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London Film Festival 2014 Highlights

Our resident film buff Lisa Balderson was at this year’s festival, picking the best of the fest…

Brad Pitt and Shia LaBeouf closed down this year’s London Film Festival with their WW2 tank drama, Fury and helped cement this year’s festival as having the highest ever audience turn-out in its 58 year history.  In it’s 12 day run, the festival was attended by over 770 filmmaker guests and Jennifer Lawrence even made a surprise appearance at the screening of her new film Serena.  Here’s a few of my top picks from the rest of the fest.

A Girl Walks Home Alone at Night, USA 2014 | 100min

Dir. Ana Lily Amirpour | Starring Sheila Vand, Arash Marandi

A_GIRL_WALKS_HOME_ALONE_AT_NIGHT_1

Set in the fictional Iranian town, Bad City, the film follows, from the outset, the mysterious and nocturnal ‘girl’ of the title as she stalks the city streets and its residents under cover of darkness and cloaked in a hi-jab.  It’s worth mentioning that the ’girl’ in question also happens to be a vampire, and a vampire seemingly intent on correcting the gender imbalance of her culture in the most grizzly of ways.  But along-side the themes of retribution, an unexpected love story is also unfolding, between the ‘girl’ and the film’s down on his luck protagonist Arash, who is amusingly dressed as Dracula when the two first meet.  The dialogue is sparse, but the beautifully shot scenes and amplified audio tell the story itself.  The package together seems to just somehow work.

A Girl Walks Home Alone At Night is an effortlessly cool, genre-crossing (part western, part vampire film, part classic noir) wonder of a film, shot in black and white, with a haunting soundtrack and unconventionally beautiful cast.  

In the words of programmer, Michael Blyth, ‘if you only see one Iranian vampire western this year, make sure it’s this one’, he’s got a point!

The Salvation, Denmark-UK-South Africa, 2014 | 91min

Dir. Kristian Levring | Starring Mads Mikkelsen, Eva Green, Eric Cantona

The Salvation

A curious coproduction that plays out like a classic western with a Nordic twist (think Danish dialogue and bleak visuals), via the traditional theme of good versus bad.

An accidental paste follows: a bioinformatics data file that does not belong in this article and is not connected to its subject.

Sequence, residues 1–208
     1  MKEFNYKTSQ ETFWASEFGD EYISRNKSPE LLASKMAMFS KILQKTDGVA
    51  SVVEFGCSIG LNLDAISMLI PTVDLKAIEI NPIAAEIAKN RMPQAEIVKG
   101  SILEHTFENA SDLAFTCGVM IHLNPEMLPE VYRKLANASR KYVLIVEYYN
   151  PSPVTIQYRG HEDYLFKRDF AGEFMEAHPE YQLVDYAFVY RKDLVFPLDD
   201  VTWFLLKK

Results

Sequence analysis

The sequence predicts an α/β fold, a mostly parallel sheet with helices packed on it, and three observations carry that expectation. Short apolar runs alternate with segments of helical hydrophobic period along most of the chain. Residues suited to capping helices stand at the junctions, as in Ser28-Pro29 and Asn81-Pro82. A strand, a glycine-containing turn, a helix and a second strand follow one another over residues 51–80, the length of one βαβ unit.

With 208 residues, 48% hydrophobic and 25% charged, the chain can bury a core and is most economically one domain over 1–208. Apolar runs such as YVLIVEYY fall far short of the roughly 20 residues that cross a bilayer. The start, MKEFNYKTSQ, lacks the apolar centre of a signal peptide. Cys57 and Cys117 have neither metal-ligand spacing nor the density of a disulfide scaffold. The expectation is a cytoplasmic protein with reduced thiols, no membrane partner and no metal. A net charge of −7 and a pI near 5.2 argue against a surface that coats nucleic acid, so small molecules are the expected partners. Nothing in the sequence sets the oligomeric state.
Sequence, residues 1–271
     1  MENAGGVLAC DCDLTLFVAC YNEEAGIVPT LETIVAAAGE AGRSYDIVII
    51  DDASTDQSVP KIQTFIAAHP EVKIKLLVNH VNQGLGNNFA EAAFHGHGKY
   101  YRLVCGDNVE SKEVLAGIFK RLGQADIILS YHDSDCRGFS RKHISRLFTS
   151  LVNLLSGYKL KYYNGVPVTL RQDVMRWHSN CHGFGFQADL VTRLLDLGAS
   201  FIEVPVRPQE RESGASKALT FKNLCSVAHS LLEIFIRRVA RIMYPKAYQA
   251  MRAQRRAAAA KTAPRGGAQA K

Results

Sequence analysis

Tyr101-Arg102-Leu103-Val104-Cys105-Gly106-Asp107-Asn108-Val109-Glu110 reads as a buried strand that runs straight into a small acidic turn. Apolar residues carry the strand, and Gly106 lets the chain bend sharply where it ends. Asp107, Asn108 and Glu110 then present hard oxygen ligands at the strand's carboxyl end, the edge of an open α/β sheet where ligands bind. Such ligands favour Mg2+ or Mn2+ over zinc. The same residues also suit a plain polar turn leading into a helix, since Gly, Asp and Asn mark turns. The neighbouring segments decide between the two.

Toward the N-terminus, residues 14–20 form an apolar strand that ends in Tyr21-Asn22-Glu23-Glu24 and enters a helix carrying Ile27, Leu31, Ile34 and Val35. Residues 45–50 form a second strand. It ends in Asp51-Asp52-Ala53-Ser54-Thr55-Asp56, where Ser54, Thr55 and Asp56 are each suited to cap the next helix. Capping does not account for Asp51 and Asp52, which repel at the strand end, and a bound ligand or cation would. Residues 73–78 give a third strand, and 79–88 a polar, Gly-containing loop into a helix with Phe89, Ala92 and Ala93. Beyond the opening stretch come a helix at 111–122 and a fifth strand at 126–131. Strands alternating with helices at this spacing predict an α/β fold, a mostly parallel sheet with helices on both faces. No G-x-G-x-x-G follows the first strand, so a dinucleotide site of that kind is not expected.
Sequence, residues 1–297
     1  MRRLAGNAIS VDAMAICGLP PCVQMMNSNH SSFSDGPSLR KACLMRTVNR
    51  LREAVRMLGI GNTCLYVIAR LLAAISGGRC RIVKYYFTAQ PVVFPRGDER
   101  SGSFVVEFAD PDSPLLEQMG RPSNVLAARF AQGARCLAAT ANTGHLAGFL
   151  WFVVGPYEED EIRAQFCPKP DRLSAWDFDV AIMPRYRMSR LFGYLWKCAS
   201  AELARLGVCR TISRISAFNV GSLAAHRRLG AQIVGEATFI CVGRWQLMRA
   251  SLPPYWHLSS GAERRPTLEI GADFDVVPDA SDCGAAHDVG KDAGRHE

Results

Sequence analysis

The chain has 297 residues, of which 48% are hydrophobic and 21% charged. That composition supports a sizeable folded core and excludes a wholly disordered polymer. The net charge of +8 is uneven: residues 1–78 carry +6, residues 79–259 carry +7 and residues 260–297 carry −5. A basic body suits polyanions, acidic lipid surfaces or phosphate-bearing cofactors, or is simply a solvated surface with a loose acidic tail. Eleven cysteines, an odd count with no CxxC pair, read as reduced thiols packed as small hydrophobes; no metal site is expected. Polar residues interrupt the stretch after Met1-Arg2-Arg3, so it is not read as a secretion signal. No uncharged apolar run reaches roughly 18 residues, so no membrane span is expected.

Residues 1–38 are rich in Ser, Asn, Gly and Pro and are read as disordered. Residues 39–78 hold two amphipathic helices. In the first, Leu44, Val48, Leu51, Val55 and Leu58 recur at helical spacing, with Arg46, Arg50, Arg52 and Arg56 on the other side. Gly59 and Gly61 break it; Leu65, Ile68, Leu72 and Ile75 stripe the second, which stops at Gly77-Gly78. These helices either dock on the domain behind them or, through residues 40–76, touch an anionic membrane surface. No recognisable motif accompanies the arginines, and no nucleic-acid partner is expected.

Danish brothers, Jon and Peter have left their post-war homeland for a new start in the promised land of America.  Having established themselves in the small town of Black Creek, Jon sends for his wife and son to join him.  But, before they even reach their new home, his wife and child are kidnapped and killed by two men with whom they share a stagecoach to Black Creek.  Jon, of course, exacts immediate revenge, not knowing that one of the men happens to be the brother of local land baron and all round bad guy, Delarue.  From this point on, Delarue is determined to hunt down the man that killed his brother and terrorises the occupants of Black Creek until they give up the offender. 

The body count is high, the gun fights are epic and the action swings equally in favour of the protagonist Jon and his opponent Delarue.  Who will win out in the end is anyone’s guess…right?  But the ride in the meantime is well worth it.

Worth watching too, for the solid performance by football legend, Eric Cantona, as one of, the villain Delarue’s, band of wrong doers!

Foxcatcher, USA 2014 | 135min

Dir. Bennett Miller | Starring Channing Tatum, Steve Carrell, Mark Ruffalo

FOXCATCHER

Based on the true story of the relationship between USA wrestling world champions Dave and Mark Schultz and their wealthy benefactor, John E du Pont, Foxcatcher is an epic, and often taught, psychological thriller that draws out surprising performances from its unexpected cast. 

Though both Schultz brothers won Olympic Gold medals for wrestling at the 1984 Olympics, Mark seems ever to be over shadowed by his more amiable older brother Dave.  When the mysterious millionaire, John du Point, invites Mark to train for the 1988 Olympics at a purpose built facility on his sprawling ranch (Foxcatcher Farm), he jumps at the chance to step out on his own. The two soon form a highly toxic relationship and du Pont, though seemingly in awe of the young wrestler’s athletic prowess, becomes increasingly controlling and obsessive of his guest while building him up with praise at the same time.  When older brother Dave is finally convinced to join the Foxcatcher training camp too, the dynamic between the three becomes a ticking time-bomb that the viewer can only sit back and observe.

For those of you more used to seeing Steve Carrell in comedic roles (The 40 Year Old Virgin) will find him barely recognisable in his role as du Pont, his portrayal both sinister, yet mesmerising at the same time.  The film is already gathering Oscar buzz for its three male leads!  A definite must see. 

Until next time, that’s all folks!!

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